An independent review into NatWest Group's decision to close the bank account of the former UK Independence Party leader, Nigel Farage, has found a number of “serious failings” in how the group, including its subsidiary Coutts, treated the politician.
The report was conducted by the law firm Travers Smith in the wake of the debanking saga, which culminated in the resignation of NatWest Group chief executive Dame Alison Rose.
“Although Travers Smith confirm the lawful basis for the exit decision, the findings set out clear shortcomings in how it was reached, as well as failures in how we communicated with him and in relation to client confidentiality,” said NatWest chairman Sir Howard Davies.
“We apologise once again to Mr Farage for how he has been treated. His experience fell short of the standards that any customer should expect.”
For his part, Mr Farage dismissed the report, calling it a "whitewash."
“The report's authors claim it was 'predominantly a commercial decision' to close my accounts but, crucially, they also noted that evidence given to them by witnesses in relation to this episode was not entirely consistent," he said.
“Travers Smith has taken a very mealy-mouthed approach to this complex issue. The law firm argues that my political views 'not aligning with those of the bank' was not in itself a political decision. This is laughable.”
Meanwhile, the UK's Financial Conduct Authority said on Friday it had identified potential “regulatory breaches” in NatWest's handling of the decision to close Mr Farage's Coutts bank account.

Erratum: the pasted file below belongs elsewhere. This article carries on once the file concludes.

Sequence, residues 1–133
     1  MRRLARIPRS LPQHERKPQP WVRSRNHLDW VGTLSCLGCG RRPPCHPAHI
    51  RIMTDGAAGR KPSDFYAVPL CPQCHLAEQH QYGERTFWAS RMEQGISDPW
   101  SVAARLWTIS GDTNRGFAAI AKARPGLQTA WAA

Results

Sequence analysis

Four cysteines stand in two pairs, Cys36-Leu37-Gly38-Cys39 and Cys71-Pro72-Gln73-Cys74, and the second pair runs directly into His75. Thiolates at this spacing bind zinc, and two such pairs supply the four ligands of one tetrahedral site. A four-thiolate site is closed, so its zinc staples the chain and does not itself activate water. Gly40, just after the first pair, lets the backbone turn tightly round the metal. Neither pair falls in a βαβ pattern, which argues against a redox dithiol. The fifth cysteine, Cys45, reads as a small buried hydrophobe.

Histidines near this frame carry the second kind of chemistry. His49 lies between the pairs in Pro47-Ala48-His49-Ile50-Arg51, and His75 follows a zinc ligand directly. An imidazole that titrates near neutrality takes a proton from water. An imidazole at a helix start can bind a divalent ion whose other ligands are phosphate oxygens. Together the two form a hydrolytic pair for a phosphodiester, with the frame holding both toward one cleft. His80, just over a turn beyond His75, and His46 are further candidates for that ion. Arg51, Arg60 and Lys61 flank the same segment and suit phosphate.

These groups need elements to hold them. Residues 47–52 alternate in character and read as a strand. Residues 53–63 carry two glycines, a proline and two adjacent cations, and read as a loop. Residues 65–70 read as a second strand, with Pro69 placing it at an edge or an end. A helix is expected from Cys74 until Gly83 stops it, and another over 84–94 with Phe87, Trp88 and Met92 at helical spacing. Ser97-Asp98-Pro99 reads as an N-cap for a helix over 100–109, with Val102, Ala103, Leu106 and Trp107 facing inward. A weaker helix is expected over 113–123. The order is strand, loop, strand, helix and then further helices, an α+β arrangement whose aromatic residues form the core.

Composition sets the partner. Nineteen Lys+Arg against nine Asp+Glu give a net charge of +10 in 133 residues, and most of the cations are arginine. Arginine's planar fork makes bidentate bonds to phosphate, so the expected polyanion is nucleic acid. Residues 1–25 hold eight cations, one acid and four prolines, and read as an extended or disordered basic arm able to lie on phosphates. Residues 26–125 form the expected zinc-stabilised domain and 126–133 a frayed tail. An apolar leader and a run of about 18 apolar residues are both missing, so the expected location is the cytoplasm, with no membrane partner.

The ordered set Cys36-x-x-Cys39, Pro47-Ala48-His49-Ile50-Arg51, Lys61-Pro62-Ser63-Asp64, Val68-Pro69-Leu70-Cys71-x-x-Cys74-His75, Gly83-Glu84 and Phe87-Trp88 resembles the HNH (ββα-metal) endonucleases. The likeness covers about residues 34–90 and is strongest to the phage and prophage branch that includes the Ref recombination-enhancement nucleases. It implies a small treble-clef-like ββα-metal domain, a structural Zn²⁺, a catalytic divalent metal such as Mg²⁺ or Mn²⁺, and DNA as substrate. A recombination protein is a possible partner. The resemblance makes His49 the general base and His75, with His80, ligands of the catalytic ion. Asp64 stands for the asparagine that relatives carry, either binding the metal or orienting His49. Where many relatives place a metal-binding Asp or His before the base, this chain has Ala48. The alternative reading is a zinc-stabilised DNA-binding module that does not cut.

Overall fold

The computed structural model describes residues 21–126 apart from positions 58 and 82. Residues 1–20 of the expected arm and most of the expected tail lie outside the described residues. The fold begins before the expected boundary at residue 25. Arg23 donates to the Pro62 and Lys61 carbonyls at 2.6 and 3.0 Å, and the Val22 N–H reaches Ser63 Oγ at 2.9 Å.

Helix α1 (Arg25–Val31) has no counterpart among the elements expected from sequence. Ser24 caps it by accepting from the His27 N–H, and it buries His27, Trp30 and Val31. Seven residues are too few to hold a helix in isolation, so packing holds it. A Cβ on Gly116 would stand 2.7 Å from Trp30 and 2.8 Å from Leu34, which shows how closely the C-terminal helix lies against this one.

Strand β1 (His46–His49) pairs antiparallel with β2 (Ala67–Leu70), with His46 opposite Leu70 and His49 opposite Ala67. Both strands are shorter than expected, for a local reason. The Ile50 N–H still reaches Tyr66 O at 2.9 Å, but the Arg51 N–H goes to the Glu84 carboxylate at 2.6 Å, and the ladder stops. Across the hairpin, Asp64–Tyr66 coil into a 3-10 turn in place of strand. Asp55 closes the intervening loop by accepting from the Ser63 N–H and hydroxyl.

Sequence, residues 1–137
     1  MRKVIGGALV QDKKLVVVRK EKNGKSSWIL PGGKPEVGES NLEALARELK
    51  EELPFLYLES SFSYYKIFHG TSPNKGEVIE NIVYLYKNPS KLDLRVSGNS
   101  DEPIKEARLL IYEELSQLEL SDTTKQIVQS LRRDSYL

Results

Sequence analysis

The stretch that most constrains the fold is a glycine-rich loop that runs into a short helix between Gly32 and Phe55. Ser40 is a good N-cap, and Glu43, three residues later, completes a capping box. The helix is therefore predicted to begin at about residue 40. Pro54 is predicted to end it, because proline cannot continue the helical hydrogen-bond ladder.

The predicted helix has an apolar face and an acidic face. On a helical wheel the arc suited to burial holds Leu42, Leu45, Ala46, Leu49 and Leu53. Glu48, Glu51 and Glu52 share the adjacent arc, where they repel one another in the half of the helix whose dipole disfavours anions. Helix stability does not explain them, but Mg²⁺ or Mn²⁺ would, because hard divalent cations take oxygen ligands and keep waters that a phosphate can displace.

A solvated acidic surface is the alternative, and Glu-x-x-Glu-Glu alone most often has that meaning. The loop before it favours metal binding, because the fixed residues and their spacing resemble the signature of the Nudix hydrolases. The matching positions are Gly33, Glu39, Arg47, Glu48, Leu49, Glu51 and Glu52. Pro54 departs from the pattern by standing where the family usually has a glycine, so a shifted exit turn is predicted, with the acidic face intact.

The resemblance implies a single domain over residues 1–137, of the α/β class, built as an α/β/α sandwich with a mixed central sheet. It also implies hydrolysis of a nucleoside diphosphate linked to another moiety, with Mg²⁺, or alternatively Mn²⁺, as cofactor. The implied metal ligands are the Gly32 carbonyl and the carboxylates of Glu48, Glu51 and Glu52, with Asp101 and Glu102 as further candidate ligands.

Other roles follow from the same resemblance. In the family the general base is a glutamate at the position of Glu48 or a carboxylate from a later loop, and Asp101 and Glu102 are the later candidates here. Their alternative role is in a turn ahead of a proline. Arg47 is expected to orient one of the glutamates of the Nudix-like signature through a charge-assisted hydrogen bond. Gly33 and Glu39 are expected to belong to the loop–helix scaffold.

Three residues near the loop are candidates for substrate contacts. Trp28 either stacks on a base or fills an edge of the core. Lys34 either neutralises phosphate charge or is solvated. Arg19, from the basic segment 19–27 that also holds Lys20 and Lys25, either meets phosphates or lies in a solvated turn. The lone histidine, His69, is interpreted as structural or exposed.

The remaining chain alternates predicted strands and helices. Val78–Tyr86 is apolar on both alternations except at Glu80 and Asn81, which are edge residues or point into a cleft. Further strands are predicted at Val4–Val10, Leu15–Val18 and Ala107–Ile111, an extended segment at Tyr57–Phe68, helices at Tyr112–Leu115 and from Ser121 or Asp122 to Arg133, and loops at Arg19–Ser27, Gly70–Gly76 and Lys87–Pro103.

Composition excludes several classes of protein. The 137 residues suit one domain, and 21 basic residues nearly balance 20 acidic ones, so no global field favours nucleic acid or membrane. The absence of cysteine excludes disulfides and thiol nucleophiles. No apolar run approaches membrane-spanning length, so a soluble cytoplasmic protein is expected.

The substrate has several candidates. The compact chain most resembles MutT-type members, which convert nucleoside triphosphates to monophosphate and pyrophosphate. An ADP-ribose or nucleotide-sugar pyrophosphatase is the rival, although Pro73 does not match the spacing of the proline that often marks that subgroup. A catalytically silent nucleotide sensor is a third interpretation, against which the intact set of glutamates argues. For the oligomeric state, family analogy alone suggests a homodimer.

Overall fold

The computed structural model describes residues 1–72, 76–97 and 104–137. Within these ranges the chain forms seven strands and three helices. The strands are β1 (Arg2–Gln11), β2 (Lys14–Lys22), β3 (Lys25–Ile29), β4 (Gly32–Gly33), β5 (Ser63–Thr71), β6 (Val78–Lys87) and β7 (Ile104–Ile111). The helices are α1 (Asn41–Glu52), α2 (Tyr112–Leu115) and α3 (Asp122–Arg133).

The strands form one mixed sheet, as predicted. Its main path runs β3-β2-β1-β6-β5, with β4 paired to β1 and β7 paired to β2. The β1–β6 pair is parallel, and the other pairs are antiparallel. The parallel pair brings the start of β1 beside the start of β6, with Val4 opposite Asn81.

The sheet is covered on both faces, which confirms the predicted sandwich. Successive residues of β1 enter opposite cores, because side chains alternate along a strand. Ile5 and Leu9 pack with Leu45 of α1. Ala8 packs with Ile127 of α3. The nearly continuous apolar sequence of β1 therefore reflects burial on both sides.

The FCA said the Travers Smith review, as well as addition information, had highlighted a “number of areas for improvement”, including the process and systems NatWest and Coutts have for closing bank accounts, as well as the effectiveness of their governance mechanisms.
The release of the review's findings came as NatWest Group posted its third-quarter results, which showed a pre-tax profit of £1.3 billion ($1.58 billion) for the three months between July and September, up from £1.1 billion a year earlier and broadly in line with what analysts had expected.
However, NatWest's net interest margin (NIM), a key measure of lending profitability, came in at 2.94 per cent, down 0.19 percentage points as customers shifted savings from non-interest bearing savings accounts to those that paid out more.
NIM is essentially the difference between what banks charge in terms of interest rates to borrowers and the rates they offer to savers.
As a result, NatWest downgraded its margin forecast for the full year, to “greater than 3 per cent”, from a previous view of around 3.15 per cent.
For Richard Hunter, head of markets at Interactive Investor, all the major banks are experiencing this drop in their NIMs.
“The changing deposit mix has been a feature of the reporting season this far, as has the pressure on mortgage margins, which has impacted overall NIM,” he said.
There were some bright spots in NatWest's results but, overall, markets were disappointed by the NIM and the lender's shares fell by as much as 18 per cent in London.
“Deposit levels did grow, which is a positive sign that NatWest is pricing itself at the right levels to attract customers searching for higher rates,” said Matt Britzman, an equity analyst at Hargreaves Lansdown.
“That trend is plain to see, with longer-term cash balances jumping to 15 per cent of the book – compared to 11 per cent last quarter. But it is [a] less profitable business than non/low-interest current accounts.
“Add in mortgage headwinds as highly profitable business written over the pandemic rolls off, and that has caused the hit to net interest margin.”
Paul Thwaite, NatWest's interim chief executive, said “credit losses and impairments remain low and we are ready and able to stand by our customers and businesses through the current economic uncertainty”.
Mr Thwaite took the helm in July after the resignation of Ms Rose.